NEW ROADS — Beulah Morris would have celebrated her 92nd birthday on June 4.
But on Wednesday, instead of looking forward to a family celebration in a little more than a month, Connie Morris was confronted with having to start making funeral arrangements after finding her 91-year-old mother dead Tuesday afternoon in the kitchen of her home at 8623 Pecan Drive East in New Roads.
Connie Morris wept when she was asked to talk about what had happened to her mother.
“I opened the door and she was just lying there on the floor,” Connie Morris, 53, said while seated in the living room of her residence in the 1100 block of St. Mary Street, a short drive from her mother’s house.
“I can’t sleep,” she said. “I keep having flashbacks. I don’t even know how long she had been dead.”
Connie Morris said she was asked to go check on her mother after Beulah Morris didn’t answer the door when Beulah Morris’ son, who is Connie Morris’ brother, stopped by to drop off a package Tuesday.
When her brother “came knocking on my door yesterday, I knew something was wrong,” Connie Morris said. “He stopped by my house and said all the lights were on and he heard the TV going. I thought I would have opened the door and maybe found her sitting in the bed, but she was right there, at the edge of the door. She was in the kitchen, wrapped up in a quilt, or blanket. The bed was untouched. I didn’t see anything out of place.”
Connie said Beulah Morris, the mother of four daughters and a son, had been living in her house alone since her husband died in 2002.
Pointe Coupee Parish Sheriff Bud Torres said Wednesday afternoon the cause of death was blunt force trauma to the head. Her death became the parish’s first homicide of 2013, he said. Investigators, meanwhile, were awaiting the results of an autopsy to determine the time of death.
Torres said detectives had ruled out the possibility that Beulah Morris was killed during a robbery attempt because nothing was taken from the home.
Torres said his detectives were pursuing every lead available in order to find and arrest Beulah Morris’ killer.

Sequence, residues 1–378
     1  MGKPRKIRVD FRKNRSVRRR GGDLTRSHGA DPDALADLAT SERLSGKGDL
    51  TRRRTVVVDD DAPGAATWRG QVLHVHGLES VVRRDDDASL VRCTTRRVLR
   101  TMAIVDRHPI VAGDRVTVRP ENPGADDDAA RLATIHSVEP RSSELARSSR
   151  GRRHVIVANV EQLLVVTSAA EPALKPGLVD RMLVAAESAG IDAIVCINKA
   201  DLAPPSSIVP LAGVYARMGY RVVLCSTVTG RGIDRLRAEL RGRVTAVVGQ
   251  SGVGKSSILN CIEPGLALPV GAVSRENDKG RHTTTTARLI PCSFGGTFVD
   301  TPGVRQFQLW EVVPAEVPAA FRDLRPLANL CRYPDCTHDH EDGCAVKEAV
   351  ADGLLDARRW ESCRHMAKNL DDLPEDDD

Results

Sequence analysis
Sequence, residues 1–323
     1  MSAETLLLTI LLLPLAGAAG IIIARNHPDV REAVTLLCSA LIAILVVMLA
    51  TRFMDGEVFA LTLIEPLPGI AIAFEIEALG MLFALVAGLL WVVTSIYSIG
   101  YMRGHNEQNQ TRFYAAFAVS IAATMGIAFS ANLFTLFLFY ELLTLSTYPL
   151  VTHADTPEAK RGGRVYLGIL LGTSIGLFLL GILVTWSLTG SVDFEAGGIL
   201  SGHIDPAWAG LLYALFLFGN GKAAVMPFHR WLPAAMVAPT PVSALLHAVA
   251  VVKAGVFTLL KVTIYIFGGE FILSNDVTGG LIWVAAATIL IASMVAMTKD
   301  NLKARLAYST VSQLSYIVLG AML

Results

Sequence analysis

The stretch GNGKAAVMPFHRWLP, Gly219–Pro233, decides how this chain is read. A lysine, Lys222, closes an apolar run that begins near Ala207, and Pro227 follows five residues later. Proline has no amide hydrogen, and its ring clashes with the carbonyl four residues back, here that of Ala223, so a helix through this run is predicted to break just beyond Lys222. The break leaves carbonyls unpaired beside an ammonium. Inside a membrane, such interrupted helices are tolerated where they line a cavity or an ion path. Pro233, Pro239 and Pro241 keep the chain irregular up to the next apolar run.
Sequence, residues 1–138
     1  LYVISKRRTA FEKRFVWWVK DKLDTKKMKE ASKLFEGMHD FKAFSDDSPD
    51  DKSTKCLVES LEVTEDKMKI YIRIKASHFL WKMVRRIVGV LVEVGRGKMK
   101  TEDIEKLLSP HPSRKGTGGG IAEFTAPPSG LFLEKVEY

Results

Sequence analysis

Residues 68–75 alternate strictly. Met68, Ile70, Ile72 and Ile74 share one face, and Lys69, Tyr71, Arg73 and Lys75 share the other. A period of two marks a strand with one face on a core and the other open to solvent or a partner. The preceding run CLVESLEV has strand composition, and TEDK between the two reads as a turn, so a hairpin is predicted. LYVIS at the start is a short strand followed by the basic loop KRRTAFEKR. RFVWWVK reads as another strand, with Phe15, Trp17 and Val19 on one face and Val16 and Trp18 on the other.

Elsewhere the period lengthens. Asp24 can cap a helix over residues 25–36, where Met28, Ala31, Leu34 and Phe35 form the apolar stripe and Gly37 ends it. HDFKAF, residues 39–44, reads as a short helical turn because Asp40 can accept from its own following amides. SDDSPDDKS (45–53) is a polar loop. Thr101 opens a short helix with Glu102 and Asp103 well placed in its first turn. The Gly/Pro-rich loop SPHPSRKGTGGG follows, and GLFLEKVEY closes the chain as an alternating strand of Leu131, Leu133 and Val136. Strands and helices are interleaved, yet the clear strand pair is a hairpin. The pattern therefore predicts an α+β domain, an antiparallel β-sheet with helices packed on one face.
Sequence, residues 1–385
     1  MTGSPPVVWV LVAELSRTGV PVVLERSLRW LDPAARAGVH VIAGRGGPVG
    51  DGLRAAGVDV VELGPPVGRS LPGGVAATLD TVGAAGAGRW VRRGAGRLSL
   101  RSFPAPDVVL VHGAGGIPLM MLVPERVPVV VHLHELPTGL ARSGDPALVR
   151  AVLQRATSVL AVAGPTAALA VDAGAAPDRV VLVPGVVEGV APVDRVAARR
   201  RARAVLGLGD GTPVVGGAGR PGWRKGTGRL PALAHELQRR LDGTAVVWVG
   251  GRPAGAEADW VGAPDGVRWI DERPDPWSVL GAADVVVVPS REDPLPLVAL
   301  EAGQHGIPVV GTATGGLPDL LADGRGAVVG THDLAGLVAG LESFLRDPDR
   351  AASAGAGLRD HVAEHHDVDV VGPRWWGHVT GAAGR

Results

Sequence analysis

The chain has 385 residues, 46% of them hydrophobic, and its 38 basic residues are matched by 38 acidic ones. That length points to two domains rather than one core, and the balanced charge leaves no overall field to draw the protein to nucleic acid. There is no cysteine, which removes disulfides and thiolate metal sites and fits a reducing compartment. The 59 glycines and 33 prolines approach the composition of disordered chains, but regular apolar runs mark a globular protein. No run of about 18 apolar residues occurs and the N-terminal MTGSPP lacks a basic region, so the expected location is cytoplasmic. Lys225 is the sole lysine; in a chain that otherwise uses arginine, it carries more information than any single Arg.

“This is very unique. It’s a quiet area. We don’t have random acts of violence like this here,” Torres said.
Neighbors said they were shocked by what had happened in Beulah Morris’ home.
A number of them said the killing had brought for the first time to their quiet, dead-end street an invasion of police cars and flashing lights.
“We don’t have this kind of stuff in our neighborhood; somebody is always home,” Harold Terrance, 63, said. “There’s nothing but mostly older people that live on this street. Most of us have been living here for more than 40 years.”
Annette Battley, who said she had lived across the street from Beulah Morris for 43 years, described the victim as a God-fearing woman who “stayed to herself” and loved working in her yard and garden.
“I’m going to miss her; I learned a lot from this woman,” Battley, 73, said. “She would tell me how to plant a garden; we talked about our children. She was just a very nice old lady.
“I wish I had seen something — or someone,” Battley added. “I wish I could have done more.”
Other neighbors agreed that they didn’t notice any strangers visiting or loitering in the vicinity of Beulah Morris’ home. Several said the last time they saw her alive was on Saturday or Sunday.
“I think she may have been dead in there at least two days, maybe longer,” Shirley Derosin said. “The only thing that caught my attention was seeing her lights on all day long since Saturday. But I just figured she may have went on vacation to visit family and left them on. She usually goes on vacation this time of year.”
Derosin said Beulah Morris rarely received any visitors at all: “The only person I see usually going there is her grandson.”
Connie Morris said she talked to her mother over the phone Saturday for the last time.
“I truly don’t know; I just can’t understand what happened,” Connie Morris said. “How could someone do this to her? It just doesn’t make any sense.”
Advocate staff writer Steven Ward contributed
to this report.
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